Site characterisation is understanding how a particular site will respond to a rainfall event and the possible effects arising from stormwater runoff. This includes:
- hydrological parameters (e.g. site coverage, soil type, groundwater, rainfall intensity, topography etc)
- constraints (e.g. services, space availability, proximity to buildings etc)
- contaminant generation (e.g. site use, likely contaminants, typical concentrations, annual loading etc).
Guidance on site characterisation
Waterways, Wetlands and Drainage Guide (WWDG)
Waterways, Wetland and Drainage Guide provides the most comprehensive guidance for site characterisation, covering all of the key parameters. Part B, Chapter 6 (PDF 8.02MB) sets out the methodology for doing this.
Stormwater Management Devices in the Auckland Region (GD01)
For site characterisation, refer to Section B1.4 (PDF 15MB) (and in particular Table 6), for an outline of the characterisation process. The Auckland data sources can be substituted with the Canterbury specific ones below.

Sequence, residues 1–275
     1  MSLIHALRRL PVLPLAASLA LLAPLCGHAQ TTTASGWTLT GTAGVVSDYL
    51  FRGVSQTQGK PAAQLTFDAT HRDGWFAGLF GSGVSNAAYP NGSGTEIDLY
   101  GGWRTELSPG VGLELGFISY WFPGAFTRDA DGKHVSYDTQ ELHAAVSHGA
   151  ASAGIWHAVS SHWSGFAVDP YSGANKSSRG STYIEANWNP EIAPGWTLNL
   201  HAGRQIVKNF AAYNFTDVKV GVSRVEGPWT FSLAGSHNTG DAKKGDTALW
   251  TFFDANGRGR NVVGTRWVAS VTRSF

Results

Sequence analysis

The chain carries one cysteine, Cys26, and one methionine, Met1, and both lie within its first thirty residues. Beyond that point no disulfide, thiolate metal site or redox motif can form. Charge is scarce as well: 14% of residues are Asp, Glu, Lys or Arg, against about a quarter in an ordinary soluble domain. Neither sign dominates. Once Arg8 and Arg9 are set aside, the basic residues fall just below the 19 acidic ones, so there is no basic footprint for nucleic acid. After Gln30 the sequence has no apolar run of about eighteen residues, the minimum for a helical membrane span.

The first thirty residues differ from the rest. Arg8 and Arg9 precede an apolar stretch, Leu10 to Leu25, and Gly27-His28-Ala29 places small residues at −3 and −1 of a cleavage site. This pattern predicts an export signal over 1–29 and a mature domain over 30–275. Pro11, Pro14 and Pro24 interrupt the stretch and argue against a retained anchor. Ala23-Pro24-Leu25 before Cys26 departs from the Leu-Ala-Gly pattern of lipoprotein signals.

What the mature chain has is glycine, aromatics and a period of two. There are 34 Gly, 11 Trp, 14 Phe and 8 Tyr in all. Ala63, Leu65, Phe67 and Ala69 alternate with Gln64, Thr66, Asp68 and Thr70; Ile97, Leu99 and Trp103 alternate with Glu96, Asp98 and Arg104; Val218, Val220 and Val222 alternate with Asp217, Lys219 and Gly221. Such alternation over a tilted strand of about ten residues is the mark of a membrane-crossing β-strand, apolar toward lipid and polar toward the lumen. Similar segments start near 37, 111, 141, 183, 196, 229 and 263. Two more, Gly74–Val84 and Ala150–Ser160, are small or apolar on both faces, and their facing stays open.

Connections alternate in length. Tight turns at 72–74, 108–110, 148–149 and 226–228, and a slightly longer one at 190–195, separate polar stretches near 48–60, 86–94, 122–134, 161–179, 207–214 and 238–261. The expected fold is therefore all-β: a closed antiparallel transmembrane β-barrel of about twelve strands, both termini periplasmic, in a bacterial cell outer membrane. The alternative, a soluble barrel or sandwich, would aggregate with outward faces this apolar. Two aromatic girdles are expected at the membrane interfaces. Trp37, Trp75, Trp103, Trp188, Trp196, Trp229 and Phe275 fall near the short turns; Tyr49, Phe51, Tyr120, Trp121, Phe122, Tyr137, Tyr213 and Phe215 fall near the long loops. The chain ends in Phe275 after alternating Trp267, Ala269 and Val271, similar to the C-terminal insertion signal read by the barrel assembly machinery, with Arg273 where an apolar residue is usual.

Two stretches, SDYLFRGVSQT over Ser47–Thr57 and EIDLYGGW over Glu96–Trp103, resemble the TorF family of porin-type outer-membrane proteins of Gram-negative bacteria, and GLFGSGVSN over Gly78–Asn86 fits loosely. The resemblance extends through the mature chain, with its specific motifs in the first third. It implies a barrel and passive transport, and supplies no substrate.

Stormwater Treatment Standard for State Highway Infrastructure (NZTA)
This treatment standard (PDF 14.55MB) includes guidance on the site characterisation process and requirements (Section 5.2).
Runoff – rational method for small sites
The New Zealand Building Code (E1 Surface Water (PDF 1.59MB)) provides a verification method for the estimation of surface water runoff (section 2). This is a simplistic method suitable for small sites.
Canterbury Maps GIS data
The Canterbury Maps website provides data on depth to groundwater, soil characteristics, and other information needed for site characterisation. Examples of useful maps are listed, but it is easy to also prepare custom maps:
- piezometric contours
- geological data from GNS Science
- coastal confined gravel aquifer system
- spring locations.
Local guidance should always be used where available, but there are two main options for areas where local standards are not available:
- NIWA’s high intensity rainfall design system (HIRDS)
- NZTA’s treatment standard (PDF 14.55MB) has a nationally applicable method for determination of water quality depth (Section 6.3 – but local methods should be used where available).
S-Map online is produced by Landcare Research and has interactive soil maps. Of particular use for stormwater are:
- soil drainage
- depth to hard soil/gravel/rock.